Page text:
Quite a few projects actually. Way too many.

Recently we took on wiring the yard with low voltage lights.

Being who we are, those low voltage lights have to be LED lights. Have to be as in It Is Under Pain Of Death That We Are Green And Use LED Lights.

Truly. Over the top.

But the nice thing is that they use practically no power to do what the security lights that are there do with old fashioned Incandescent bulbs.

The existing bulbs are 110 Volt, 40 Watt. Two of them. On full, that is 80 watts. The equivalent is running at 1/10th the voltage and 1/4th of the wattage – a total of 1/40th of the current to make the same light.

If my math is correct.

But first, we have to get the things. That means a trip to The Big Box Home Improvement Store of your choice.

We did hit both. Bought the gear we thought we needed.
The transformer was already here. That was found online. Light bulbs and fixtures were at the big box stores along with the wire we needed.

One of the things I’m doing to learn Spanish is watch some kid’s shows. Ones for a pre-teen audience. Why? Because the sentence structure is just about where my own Spanish is at. Never mind that the songs that they put in these shows with all those flashing lights and images are guaranteed to be an ear-worm to be stuck in your head to come out at inappropriate moments.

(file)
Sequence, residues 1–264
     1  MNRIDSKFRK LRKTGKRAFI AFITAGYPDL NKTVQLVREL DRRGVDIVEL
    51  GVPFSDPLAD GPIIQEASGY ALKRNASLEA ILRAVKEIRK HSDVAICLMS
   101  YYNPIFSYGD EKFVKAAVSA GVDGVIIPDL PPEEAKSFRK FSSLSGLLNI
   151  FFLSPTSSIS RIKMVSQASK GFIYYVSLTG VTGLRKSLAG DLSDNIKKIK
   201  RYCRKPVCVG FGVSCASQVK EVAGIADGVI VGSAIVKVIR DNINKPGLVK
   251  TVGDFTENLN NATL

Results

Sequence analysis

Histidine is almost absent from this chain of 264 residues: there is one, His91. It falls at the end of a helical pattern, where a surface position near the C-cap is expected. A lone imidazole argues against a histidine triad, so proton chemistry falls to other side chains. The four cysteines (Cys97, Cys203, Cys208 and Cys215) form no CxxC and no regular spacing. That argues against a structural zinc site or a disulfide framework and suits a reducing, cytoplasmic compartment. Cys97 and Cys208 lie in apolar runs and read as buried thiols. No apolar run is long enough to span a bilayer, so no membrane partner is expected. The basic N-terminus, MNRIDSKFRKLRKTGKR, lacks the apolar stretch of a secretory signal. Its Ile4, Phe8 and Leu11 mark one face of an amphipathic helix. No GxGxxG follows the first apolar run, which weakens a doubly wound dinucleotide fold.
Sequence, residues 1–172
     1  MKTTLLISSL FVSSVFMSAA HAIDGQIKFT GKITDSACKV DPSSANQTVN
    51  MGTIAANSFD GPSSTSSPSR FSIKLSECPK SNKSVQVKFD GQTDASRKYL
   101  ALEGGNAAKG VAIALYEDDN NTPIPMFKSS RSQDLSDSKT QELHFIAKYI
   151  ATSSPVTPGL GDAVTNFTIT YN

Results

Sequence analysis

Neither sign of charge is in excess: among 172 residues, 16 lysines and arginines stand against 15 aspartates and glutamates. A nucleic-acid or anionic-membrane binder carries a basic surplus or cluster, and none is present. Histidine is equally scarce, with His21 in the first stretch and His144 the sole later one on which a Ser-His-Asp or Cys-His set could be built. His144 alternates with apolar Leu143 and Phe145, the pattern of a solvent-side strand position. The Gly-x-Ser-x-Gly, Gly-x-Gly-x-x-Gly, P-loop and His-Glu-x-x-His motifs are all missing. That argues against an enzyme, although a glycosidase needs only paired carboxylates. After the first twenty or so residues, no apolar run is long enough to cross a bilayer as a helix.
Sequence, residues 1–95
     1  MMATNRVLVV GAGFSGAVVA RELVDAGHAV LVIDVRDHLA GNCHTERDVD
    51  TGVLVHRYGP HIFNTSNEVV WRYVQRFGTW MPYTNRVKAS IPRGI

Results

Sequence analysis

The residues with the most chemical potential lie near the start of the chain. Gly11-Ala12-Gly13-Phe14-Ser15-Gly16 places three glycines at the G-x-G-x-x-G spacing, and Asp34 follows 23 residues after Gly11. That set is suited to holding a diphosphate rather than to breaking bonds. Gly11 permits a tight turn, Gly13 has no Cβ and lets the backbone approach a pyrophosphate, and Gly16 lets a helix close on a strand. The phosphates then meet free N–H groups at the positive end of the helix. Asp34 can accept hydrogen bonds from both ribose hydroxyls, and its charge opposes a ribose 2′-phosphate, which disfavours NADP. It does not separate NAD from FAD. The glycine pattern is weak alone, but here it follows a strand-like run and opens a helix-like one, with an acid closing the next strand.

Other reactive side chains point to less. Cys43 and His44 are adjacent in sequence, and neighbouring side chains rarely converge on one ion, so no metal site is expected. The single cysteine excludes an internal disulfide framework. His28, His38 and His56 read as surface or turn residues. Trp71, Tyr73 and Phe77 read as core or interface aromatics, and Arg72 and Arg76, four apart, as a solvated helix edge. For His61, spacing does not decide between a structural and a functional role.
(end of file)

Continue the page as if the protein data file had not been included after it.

So here I am, all 6 Foot 4 of me, walking down the aisles of the big box store quoting lines from a song that an elementary school kid would recite.

Vamos Herramientas! Lets Go Tools!

I spot the hand tool aisle. We could use some parts to the electric drill…

I’m told I have lost my mind…

Brinco Salto, Si Vamonos!

No Hay Que Tardar!
De Prisa!
A Trabajar!

Y a Reparar!

Leap Hop, Yes we go!

There is no delay!

Hurry!
To work!
And to repair!

And I am trotting through the big store with this song on a loop inside my head as I go past the paint, ceiling fans, sprinkler parts and find the low voltage lighting.

And I realize that I’m stuck in a silly song that doesn’t quite sound right in my native English.

Then again I have never seen that TV show, Handy Manny, in English. There are some shows that I have never seen in English, only in Spanish.

Who can resist a story where a sarcastic blue hammer is telling a baby blue whale to go back into the sea?

We grab more treasures to be buried in the yard.